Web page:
-Laughter, smiles, teens vigorously trying to type their essay before the next class.

-Group of boys rough housing it on the lawn, tormenting the young bucks on the team with a few slams to the ground and a lunch monitor giving a slight warning to knock it off.

Yep, we see it all on the daily including the times where the opportunity zooms overs their heads to create a connection or a touchpoint with a friend, teacher, parent.  Today was no different.  ‘Laura’ – sitting with four friends at lunch.  As they always do, they  pop open the lunch boxes, cell phone in hand or within quick reach.  She began to confide in them that her father had been in a serious accident and was in the hospital.  Each taking their turn with the required “aww, sorry- hope he’s ok” while  continuing to text and stare scrolling right along on their devices. Now in some cases, keeping things as normal as possible can be helpful.

In her situation, she needed them to really listen and  could sense that they weren’t truly interested in what she was sharing. A few moments later, she gathered her lunch and backpack and off she headed towards the library.


Pay attention.

It is so easy to miss these opportunities to make a deposit into the relationships that matter– to create  meaningful  connections where people feel validated, heard, appreciated, supported and where  people know  that trust and empathy are present. When we do this,  it leads to more productive and healthier  relationships between parent & child, among friends, partners, colleagues and within our communities.

As a teacher and Mom of two, I must  guide my students and children in understanding and practicing the right times and situations to plug into their cell phones/computers and when to plug into people and the moments that matter.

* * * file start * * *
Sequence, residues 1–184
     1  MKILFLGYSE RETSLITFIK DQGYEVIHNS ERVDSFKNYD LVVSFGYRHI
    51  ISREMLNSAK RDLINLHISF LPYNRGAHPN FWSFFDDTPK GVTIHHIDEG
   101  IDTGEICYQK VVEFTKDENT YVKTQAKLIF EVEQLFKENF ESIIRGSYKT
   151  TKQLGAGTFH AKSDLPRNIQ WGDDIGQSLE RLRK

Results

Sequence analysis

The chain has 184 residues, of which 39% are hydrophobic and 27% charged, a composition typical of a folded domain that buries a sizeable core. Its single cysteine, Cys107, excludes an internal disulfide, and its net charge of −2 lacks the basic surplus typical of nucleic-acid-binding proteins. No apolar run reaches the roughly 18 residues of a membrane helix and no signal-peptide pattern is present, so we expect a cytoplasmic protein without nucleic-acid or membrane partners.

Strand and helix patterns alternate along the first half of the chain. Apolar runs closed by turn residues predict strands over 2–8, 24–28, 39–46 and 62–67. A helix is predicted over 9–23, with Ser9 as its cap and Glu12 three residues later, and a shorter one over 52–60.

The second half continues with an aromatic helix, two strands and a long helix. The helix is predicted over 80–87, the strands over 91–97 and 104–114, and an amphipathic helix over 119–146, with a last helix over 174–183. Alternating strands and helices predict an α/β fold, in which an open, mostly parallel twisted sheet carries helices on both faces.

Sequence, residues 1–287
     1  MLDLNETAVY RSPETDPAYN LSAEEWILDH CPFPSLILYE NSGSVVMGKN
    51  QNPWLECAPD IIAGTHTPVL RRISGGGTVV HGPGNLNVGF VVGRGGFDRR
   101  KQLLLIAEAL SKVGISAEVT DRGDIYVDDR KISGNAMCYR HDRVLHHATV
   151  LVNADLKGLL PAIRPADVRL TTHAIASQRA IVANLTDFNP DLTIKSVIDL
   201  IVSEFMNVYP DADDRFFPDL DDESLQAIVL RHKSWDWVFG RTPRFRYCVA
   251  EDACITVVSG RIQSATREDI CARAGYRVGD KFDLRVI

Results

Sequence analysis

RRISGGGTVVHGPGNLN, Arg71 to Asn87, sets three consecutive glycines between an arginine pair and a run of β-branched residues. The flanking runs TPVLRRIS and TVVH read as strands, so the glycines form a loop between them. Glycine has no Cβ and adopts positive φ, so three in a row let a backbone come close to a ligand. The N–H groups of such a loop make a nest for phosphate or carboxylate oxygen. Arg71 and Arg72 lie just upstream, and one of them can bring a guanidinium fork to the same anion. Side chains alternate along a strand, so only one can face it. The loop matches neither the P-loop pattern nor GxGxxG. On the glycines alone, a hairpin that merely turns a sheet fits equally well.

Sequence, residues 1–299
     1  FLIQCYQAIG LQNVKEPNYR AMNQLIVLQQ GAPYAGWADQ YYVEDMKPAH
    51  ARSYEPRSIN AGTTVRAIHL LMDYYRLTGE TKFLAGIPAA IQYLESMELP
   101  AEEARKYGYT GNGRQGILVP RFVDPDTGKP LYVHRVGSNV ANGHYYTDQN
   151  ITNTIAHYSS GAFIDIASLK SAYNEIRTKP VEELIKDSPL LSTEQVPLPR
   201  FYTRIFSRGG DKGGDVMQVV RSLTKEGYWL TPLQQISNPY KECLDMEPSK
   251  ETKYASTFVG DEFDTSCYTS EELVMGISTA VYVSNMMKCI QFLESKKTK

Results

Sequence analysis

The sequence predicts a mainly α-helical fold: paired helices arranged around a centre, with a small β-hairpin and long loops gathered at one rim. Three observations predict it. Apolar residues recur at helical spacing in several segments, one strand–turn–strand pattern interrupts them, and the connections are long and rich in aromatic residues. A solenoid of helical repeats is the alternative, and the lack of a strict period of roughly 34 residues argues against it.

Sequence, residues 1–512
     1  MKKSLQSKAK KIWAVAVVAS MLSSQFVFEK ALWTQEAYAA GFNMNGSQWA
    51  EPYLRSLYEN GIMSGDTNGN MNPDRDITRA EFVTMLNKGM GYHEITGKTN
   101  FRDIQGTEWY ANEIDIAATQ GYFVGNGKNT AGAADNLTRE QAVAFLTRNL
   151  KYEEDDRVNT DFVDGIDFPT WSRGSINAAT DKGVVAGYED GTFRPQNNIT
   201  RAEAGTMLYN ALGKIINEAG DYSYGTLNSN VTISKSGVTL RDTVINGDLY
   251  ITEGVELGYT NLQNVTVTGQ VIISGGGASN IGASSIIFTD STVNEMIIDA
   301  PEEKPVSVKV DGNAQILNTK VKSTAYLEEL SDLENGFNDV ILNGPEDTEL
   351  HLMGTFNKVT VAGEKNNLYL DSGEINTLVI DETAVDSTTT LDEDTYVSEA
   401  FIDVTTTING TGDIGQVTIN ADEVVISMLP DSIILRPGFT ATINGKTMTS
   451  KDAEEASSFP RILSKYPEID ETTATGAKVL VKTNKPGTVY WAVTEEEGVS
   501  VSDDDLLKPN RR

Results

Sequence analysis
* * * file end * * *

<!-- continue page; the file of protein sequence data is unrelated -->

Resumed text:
I must also remember to practice what I teach.

Please watch Simon Sinek discuss it best in describing the generational changes and the power of connection in our personal and professional relationships.


How the Mentally Strong Handle Hard Times

With recent MRI results coming back on my son, we were disappointed to say the least.  It takes a few days to process the possibility of him having brain surgery for the second time.  What he and I  won’t do however, is sit around and feel sorry for ourselves and do nothing.  We have come to understand that there are certain characteristics that most or all mentally strong people utilize when hard times fall their way.

 1.  They focus on what they can control -even if it’s just their attitude in approaching a difficult situation

 2. They create a course of action-they figure out what the possible solutions are and get to work on what they need to do. They keep moving!

 3.  They practice gratitude-morning|noon|night-it’s tough to see the rainbow through the clouds so they look closer at the small things around them that they are grateful for such as taking a walk with their dog, a call from a distant friend.

4.   They evaluate their priorities-while experiencing loss and hardships, one must always remember as Stephen Covey calls them, the big rocksbig-rocks or what is most important in their lives; it may be their health, family, job etc… take care of the big rocks.

5.  They draw on their inner strength-they remain committed to having a positive outlook and staying the course til the storm calms no matter how long this may take.

It is often in the worst of times that we discover the scars we have endured are  our strengths| the miles we’ve run are our determination to never quit| the difficult situations we face are opportunities to find the positives| and walking through our fears is how we develop the courage to carry on~




An Ethic of Care